Siteminder R12 Performance with a Java Bug – Resolved6 min read
This is my story about the most complex, deep Siteminder performance issues I have dealt with in my 10 years of working with the product. I’ll detail this out and layout the solution.
We built a brand new Siteminder R12 environment on new hardware last year. 4 policy servers built, 2 separate environments, 2 servers running each environment.
- Siteminder SP3 CR 2
- Java JRE 1.6
- Windows 2008 64-bit
- Dual Hex Core processors, 32 GB RAM
Between our logs and theirs they were seeing that the delays were coming from the Policy Server trying to connect to the JVM. In the example below, 7 second delay.
So we had to do the next thing and hit Google to find the answer ourselves. Once again CA stepped up and figured out what the problem was.
In Java 1.6 there is a memory leak with Ljava.lang.ThreadGroup. From programming forums on the Internet this Java code does not exit properly and Garbage Collection never cleans it up. Over time the leak will slowly kill the processes and any program using it, i.e. Siteminder. This problem will exist in any R12 version you are running if you have the Option Pack installed and running JRE 1.6 (which is the required version anyway).
The solution on the Internet is that since Oracle says they will not fix this, you have to manually put in the Garbage Collection code yourself to clear it out if you touch this class. CA has informed us they will be adding this fix into a not-so-distant future CR. As of Feb 2012, it’s not GA yet.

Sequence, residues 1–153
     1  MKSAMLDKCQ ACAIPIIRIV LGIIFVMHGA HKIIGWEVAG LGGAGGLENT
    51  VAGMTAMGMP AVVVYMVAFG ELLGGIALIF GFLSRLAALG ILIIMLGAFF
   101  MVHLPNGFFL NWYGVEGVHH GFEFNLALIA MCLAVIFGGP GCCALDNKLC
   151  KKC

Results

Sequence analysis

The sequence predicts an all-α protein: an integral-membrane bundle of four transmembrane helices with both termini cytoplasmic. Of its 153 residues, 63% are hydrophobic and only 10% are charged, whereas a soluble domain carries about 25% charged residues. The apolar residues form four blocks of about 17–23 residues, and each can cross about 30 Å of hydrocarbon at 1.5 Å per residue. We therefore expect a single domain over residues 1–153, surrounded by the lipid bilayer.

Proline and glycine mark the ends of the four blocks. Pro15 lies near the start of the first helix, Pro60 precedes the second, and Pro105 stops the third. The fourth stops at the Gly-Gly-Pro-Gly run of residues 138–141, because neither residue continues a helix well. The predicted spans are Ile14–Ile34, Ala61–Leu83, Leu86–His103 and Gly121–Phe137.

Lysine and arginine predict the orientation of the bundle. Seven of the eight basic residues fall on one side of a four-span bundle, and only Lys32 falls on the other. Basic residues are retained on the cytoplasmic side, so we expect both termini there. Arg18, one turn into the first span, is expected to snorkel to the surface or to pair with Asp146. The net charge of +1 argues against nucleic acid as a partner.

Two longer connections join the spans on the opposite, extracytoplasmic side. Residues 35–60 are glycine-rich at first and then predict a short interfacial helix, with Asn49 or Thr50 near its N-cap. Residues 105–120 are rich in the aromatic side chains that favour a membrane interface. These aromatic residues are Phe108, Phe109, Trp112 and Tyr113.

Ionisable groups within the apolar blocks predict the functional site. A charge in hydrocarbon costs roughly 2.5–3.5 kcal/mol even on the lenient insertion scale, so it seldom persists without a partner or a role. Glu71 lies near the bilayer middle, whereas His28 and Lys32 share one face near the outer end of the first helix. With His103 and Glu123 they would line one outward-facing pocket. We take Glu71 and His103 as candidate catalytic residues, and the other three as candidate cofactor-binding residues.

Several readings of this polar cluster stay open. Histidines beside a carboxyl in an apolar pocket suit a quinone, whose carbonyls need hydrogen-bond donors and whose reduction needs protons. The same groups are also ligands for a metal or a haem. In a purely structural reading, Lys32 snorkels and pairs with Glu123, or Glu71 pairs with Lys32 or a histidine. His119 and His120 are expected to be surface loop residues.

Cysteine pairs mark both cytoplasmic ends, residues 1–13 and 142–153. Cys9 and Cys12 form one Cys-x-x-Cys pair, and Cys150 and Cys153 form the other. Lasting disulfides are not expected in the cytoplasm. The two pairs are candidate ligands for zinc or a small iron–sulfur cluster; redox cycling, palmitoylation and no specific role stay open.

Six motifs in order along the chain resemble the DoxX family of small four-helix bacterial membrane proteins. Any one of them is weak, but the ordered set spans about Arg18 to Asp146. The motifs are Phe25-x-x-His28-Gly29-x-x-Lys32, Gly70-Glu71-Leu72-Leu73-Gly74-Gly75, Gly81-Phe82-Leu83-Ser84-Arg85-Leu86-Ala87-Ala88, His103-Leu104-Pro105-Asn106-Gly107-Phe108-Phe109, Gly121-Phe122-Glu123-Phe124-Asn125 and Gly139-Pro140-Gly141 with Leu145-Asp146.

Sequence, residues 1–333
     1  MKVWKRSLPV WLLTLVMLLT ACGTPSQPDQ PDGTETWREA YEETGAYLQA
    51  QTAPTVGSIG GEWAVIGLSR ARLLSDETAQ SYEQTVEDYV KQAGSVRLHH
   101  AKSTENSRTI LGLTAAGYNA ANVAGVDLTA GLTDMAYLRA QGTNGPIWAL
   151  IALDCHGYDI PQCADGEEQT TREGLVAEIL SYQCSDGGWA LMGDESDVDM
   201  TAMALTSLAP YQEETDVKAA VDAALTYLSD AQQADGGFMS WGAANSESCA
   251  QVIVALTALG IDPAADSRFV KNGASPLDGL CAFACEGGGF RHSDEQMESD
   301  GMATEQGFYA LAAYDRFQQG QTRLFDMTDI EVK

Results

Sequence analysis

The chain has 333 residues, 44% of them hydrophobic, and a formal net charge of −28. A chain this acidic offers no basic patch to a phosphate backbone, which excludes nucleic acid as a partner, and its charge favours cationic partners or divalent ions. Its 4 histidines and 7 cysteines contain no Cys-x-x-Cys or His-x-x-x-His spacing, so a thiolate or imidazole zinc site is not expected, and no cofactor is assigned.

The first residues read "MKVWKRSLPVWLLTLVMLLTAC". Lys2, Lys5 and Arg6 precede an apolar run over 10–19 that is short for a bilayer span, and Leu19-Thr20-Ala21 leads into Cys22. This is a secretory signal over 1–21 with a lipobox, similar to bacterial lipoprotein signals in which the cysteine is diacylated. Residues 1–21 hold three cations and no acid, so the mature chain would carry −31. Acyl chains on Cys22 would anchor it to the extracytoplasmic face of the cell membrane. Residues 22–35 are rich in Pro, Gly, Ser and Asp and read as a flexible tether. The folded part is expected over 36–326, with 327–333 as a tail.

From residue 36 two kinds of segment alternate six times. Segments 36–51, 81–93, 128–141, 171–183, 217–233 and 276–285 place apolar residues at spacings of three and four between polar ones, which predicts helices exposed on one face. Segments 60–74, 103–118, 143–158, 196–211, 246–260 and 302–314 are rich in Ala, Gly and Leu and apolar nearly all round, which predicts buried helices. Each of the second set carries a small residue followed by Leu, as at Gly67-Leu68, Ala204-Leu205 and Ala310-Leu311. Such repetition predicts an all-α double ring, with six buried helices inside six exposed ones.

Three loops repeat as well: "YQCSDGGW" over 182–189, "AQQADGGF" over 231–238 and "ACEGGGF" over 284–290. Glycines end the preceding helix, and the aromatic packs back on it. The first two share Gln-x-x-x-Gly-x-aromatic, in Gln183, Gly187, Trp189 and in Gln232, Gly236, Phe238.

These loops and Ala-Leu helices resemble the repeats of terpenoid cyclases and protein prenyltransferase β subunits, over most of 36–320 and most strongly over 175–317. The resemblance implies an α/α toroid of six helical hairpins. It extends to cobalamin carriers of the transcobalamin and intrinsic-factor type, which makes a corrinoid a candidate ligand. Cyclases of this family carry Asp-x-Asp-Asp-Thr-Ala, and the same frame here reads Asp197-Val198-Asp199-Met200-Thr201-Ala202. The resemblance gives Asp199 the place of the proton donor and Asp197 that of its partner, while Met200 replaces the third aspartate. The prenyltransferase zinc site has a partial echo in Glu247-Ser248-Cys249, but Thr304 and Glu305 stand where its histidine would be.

BUT, you don’t have to wait for CA to release the CR that will fix this, you can fix this now in Siteminder yourself as long as you are not using the features below.
In Siteminder the two classes that are touching the leaky Java code are –
These two classes are part of the Option Pack and would only be enabled if you are using Java code for any active expressions or outside processing. If you are not doing either then you should be OK. By default the 3 classes in the properties file are enabled. Even though we are not using the Web Service or Federation variables, the class initializes the leaky Java class on startup. In our case we were only using Static User Context variables and to resolve the leak, we just had to comment out the other two classes.
As soon as we did that we noticed a huge change in the internal processing of the Policy Server through Wily. Response times got faster, traffic was more efficient, and it has been over 2 weeks and we haven’t touched the servers since.
End to end I spent 6 1/2 months tracking this problem which turned out to be a Java Memory Leak. In the end my environment is far more tuned and streamlined than any I have worked with in the past. We ripped everything from the OS to Siteminder apart a dozen or more times.
I have worked with big vendors all my career and CA once again showed to me that they are the most customer focused, solution driven vendor out there. If it wasn’t for them I would still have my daily service recycles and no clue to why my super charged systems couldn’t handle the traffic.
I can assure you my use of Java in the future will be heavily pulled back.
Hopefully this solution will help others out there that may be chasing a Siteminder performance issue and have no idea where it’s coming from.
End of Line.
UPDATE 2/23/12 –
Additional Information from the Java GC.
Just wanted to add the snippet from Garbage Collector log that shows the delays in GC that was halting all Java threads.